Their pale, tactile patina evokes the whitewashed walls of suns-plashed places from the Vieux Carre to Spain's Alhambra or Alexandria, Egypt. Pattern (Climb Every Mountain No. 2), left, is a skein of polychrome geometry like a sandblasted wall in Saudi Arabia, but amid the austere lines are traceries of handwriting and other marks like lost notes or printed news dispatches. Pattern (Flowers No. 8) is more baroque, like floating clusters of faded blooms that might have once adorned the wallpaper of a local bordello, now derelict and discolored with the dampness of the ages. Pattern (Follow Every Rainbow No. 2), top, recalls the art deco frills of a depression era ballroom of a prairie ghost town. All of these works are tributes not just to what endures but to the way all that is new is given depth by all that came before. That point is amply illustrated by the timeless modernism of Lin Emery's consistent yet ever-evolving kinetic metal sculptures in the adjacent chamber--in the diademic dazzle of Flight or Fan Tree. Like George Dunbar, whose own modernist vision appears coincidentally at the nearby Callan Gallery, Emery was a co-founder of the Orleans Gallery, the Royal Street co-op that anticipated by several decades the co-op artist spaces that now dot St. Claude Avenue. ~Bookhardt /All You Need Know: Paintings by Nicole Charbonnet, Through Dec. 26, Arthur Roger Gallery, 432 Julia St. 522-1999.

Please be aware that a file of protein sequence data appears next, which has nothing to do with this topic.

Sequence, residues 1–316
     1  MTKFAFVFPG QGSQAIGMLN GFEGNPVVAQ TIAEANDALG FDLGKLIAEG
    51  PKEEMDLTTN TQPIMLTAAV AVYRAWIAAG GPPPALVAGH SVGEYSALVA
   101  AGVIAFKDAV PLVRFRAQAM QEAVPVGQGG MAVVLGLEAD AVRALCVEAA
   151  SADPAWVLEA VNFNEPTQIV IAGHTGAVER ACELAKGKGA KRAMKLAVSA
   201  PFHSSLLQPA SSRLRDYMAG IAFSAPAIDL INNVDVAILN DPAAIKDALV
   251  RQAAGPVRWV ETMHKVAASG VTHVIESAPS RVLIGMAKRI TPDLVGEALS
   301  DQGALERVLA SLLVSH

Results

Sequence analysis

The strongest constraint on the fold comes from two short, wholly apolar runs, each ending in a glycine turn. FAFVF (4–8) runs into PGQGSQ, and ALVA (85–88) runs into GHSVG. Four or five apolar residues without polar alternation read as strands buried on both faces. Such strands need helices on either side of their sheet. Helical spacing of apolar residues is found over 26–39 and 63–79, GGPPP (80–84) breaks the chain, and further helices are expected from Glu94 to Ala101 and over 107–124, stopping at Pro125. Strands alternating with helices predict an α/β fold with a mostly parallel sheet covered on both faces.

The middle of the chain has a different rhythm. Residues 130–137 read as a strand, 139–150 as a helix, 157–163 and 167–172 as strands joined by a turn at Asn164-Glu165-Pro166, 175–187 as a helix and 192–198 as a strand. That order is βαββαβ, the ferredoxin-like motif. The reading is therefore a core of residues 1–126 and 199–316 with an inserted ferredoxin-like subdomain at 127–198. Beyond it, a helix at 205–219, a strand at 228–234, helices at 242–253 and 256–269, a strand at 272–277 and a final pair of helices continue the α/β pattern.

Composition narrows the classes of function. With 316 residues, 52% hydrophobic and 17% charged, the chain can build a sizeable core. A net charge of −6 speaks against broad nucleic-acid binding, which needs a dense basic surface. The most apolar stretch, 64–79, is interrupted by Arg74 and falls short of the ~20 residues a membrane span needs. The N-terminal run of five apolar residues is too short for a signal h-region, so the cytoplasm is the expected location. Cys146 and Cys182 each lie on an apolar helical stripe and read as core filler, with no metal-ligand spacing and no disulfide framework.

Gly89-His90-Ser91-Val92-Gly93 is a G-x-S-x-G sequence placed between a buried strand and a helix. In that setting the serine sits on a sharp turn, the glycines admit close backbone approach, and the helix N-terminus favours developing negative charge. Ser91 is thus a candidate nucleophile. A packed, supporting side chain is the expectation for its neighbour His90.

Moving Like Microbes on Santa Monica Beach
16 minutes ago